Remembering Twelve Days of Giving: Opera Philadelphia’s Festival O17

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A RETROSPECTIVE: of Opera Philadelphia’s inaugural Festival O17, September 14 through 25, 2017.

As the calendar rolls into those Twelve Days famed for lovers’ gift-giving extravagance (pipers piping, lords a-leaping, and those five golden rings), let us pause to glance back in appreciation at twelve days of equally notable largesse that came earlier in the year, courtesy of Opera Philadelphia.

Opera Philadelphia’s “Festival O17” – the first installment of a splashy new tradition that will inaugurate each new Opera Philadelphia season going forward – ran from September 14 through 25. with an explosion of operatic activity throughout the City of Brotherly Love.

Out There…

More than 15,000 people registered for Opera on the Mall

The festival was literally out there, with nary a corner of the city not propinquent to the action. Like an operatic commando team, the Op Philly folks took the city by storm, sowing musical ordnance of every size and description, detonating glorious vocal and orchestral fusillades on staging grounds ranging from the Museum of Art to the Wilma Theater, the Academy of Music to the Kimmel Center, the Barnes Collection to Independence Mall.

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It all exemplified – magnificently, swaggeringly – the current Opera Philadelphia strategy (ascendant since David Devan’s appointment as managing director in 2006) of integrating opera into the fabric of the city, making it ubiquitous, hopefully essential.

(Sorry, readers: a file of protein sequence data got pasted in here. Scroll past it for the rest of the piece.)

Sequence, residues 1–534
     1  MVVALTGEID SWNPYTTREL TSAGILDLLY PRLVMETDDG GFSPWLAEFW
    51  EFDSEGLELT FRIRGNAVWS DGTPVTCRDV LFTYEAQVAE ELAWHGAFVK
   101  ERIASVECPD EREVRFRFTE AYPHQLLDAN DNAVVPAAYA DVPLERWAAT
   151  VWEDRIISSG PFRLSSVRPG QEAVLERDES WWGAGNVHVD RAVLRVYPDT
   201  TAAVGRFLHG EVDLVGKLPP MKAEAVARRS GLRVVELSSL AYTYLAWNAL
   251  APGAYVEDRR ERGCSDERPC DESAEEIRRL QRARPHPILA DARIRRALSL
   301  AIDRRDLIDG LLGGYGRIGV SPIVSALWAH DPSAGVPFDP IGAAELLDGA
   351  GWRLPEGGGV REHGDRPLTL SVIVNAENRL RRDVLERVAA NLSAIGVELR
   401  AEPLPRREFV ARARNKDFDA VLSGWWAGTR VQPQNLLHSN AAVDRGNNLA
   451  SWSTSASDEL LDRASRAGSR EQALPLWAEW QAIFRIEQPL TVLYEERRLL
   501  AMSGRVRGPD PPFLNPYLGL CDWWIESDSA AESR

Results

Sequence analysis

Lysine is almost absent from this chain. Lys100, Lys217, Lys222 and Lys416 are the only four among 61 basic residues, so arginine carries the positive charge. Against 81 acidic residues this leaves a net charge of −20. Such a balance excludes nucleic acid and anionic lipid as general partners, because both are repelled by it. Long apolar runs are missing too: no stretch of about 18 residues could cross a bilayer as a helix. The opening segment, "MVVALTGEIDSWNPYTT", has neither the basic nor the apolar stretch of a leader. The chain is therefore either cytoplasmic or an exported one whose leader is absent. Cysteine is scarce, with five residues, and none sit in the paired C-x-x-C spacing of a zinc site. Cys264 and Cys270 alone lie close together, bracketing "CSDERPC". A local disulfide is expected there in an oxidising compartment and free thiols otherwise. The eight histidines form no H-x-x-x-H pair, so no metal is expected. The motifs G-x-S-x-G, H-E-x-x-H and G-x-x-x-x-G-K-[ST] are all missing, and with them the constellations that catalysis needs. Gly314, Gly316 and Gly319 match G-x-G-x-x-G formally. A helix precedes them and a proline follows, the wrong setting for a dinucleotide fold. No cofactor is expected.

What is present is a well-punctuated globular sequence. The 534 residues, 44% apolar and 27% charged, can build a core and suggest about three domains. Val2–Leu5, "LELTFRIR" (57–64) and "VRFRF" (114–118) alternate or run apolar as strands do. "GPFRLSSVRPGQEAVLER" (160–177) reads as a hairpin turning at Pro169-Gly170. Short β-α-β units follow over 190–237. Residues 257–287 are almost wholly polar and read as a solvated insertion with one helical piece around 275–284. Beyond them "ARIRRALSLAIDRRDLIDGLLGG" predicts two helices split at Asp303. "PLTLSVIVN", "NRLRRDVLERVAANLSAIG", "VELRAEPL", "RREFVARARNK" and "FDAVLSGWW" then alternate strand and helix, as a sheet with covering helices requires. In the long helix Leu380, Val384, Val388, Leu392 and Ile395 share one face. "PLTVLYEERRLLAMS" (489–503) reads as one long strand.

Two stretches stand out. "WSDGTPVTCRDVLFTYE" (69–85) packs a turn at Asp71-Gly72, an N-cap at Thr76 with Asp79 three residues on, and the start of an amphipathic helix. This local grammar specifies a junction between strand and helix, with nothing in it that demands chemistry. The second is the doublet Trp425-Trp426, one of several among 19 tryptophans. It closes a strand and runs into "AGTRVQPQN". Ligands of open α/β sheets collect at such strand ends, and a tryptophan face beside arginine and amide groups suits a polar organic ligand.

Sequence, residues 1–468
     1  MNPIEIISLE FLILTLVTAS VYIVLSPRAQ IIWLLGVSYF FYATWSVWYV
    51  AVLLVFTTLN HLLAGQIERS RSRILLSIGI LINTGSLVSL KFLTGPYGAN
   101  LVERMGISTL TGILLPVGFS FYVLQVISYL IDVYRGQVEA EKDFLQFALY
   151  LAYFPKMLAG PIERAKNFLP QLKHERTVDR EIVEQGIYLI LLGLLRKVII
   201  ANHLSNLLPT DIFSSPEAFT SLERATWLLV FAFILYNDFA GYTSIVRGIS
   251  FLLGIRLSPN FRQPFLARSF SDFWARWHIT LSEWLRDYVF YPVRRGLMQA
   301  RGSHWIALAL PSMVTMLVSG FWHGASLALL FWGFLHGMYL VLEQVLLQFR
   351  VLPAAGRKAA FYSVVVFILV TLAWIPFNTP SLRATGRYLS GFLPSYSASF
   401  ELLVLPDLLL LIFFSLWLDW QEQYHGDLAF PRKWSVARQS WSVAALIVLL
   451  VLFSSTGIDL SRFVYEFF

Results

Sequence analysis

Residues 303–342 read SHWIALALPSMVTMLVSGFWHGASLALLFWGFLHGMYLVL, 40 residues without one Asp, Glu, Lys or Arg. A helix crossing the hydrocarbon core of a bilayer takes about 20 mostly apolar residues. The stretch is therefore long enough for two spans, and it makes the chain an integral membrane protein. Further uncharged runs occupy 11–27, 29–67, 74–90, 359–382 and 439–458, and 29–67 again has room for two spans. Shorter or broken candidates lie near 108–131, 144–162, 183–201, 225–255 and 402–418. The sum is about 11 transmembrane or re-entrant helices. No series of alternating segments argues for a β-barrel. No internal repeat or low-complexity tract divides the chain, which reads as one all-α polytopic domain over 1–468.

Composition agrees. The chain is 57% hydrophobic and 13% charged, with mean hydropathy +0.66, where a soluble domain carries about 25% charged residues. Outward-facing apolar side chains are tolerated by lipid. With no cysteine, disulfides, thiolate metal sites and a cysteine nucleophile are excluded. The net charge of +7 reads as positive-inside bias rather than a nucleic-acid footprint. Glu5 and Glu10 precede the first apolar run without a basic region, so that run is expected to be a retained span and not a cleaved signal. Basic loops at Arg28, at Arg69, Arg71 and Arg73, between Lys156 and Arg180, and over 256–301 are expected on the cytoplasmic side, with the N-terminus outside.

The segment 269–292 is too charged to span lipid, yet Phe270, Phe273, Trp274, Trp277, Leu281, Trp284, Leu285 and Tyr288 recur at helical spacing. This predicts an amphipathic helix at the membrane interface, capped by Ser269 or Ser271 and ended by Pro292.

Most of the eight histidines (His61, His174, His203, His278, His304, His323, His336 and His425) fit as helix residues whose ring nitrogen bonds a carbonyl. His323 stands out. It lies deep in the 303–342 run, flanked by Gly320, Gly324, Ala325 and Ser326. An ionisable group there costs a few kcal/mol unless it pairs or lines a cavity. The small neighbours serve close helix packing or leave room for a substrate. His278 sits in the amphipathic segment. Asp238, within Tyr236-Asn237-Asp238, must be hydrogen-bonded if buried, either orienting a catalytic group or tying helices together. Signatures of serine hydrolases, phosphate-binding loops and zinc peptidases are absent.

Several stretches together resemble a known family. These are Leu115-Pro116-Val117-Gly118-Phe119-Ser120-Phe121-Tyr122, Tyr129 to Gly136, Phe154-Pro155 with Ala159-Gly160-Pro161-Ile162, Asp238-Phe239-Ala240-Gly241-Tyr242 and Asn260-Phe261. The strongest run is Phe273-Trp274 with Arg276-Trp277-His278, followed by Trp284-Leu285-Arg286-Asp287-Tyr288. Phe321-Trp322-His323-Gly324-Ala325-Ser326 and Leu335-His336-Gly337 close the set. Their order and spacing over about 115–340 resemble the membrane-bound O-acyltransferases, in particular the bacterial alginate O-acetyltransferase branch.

“One of the great things about Philadelphia,” says Devan, “is we have so many venues, walkable or close. There’s density. So we can really make the ‘city as stage’ work.” Devan likens the approach to that of the diversification of digital entertainment platforms. “You might not even have cable anymore,” he says. “You might be streaming stuff from all over the planet in your living room. And if we think of live performance as a media alternative, we have to live in a broader universe, too.”

Murder, She Sang!

Mezzo-soprano Daniela Mack creates the title role of Elizabeth Cree.